Adam Stutz, one of the co-curators for Nonstandard Lit, a longstanding San Diego reading series, said that the complicated process — and a lack of available education and workshops — has kept them from formalizing the nonprofit status. Stutz would like to see more training programs in place in San Diego for navigating funding, particularly in the steps it takes to become a nonprofit, but also calls for civic leaders to continue to prioritize and push for broader arts funding. Stutz believes that arts funding is “an important area of civic engagement for our communities to continue to grow and thrive.”
San Diego is brimming with arts organizations navigating the confusing territory of funding and economic viability.
“The DIY nature of how we do things has connected us with art people, not necessarily San Diego art funding institutions,” said Lesley. In this environment, vital collaborations and makeshift partnerships have emerged, though they’re not necessarily ones that lead to funding.
San Diego’s Book Crawl is here. From April 27-29, grab a passport from any of the following bookstores, and with a $5 purchase, they’ll stamp it. Five stamps earns a tote bag, seven a pin and nine stamps earns you even more prizes and major pride. Here are some tips on bagging all nine!
The three-day crawl is built on Saturday’s Independent Bookstore Day, billed as a nationwide one-day “party,” so let’s frontload on Saturday:
Get UC San Diego Bookstore out of the way first. It’s closed on Sunday, and Monday means competing with midterms-frazzled students for parking. Park in the Gilman parking structure, which is free on weekends. Susie Ghahremani, aka boygirlparty.com, will be artist-in-residence from 10 a.m. to 2 p.m. Ghahremani illustrated tote bags, a map and a button for the event. Also, Scott Paulson and his Teeny Tiny Pit Orchestra will perform throughout the day.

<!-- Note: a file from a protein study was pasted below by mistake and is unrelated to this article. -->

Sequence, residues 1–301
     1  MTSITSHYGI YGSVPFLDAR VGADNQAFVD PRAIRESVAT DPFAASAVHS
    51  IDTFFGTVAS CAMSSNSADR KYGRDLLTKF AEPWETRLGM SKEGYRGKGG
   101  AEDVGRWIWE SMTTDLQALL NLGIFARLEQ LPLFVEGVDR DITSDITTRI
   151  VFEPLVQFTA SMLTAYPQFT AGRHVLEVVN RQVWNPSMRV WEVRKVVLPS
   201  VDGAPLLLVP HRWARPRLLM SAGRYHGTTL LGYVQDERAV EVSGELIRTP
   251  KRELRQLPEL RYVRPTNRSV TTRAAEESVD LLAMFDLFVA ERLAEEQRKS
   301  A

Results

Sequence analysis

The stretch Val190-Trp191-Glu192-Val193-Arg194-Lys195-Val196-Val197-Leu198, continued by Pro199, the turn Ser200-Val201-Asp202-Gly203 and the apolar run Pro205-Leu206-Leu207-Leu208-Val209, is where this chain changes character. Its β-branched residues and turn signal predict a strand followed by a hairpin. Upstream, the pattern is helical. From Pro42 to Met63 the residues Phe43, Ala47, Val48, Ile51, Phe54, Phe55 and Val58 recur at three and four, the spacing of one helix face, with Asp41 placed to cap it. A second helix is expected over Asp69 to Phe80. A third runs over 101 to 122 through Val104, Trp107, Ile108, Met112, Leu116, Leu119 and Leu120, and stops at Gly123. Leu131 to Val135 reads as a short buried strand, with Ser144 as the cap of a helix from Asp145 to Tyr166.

Hit up Warwick’s La Jolla next for Saturday’s St. Jordi’s Day celebration, which combines the memorials of literary legends Cervantes and Shakespeare with the traditional Catalonia St. George’s Day celebration.
Next, head to Run for Cover Books in OB, which will be closed on Monday so be sure to go on the weekend. Then, La Playa Books in Point Loma is basically right around the corner.
From 4 to 6 p.m. Saturday at the Library Shop downtown, Ghahremani is doing a special pre-release signing of her new “Little Muir’s Song” children’s book, and FYI the Padres are out of town so parking won’t suck.
That’s five in one day, so claim your well-earned tote.
Sunday is a good day to visit the uptown contingent. In fact, Book Catapult in South Park and Verbatim Books in North Park are just over a mile apart. Ghahremani appears at Book Catapult from 11 a.m. to 1 p.m.. Then, another mile further is Hillcrest’s Bluestocking Books.
After work on Monday, pop into Clairemont Mesa’s Mysterious Galaxy, the best genre bookstore you’ll ever find in a strip mall. And that’s a wrap: nine indie bookstores, lots of books, cute swag and all the bragging rights.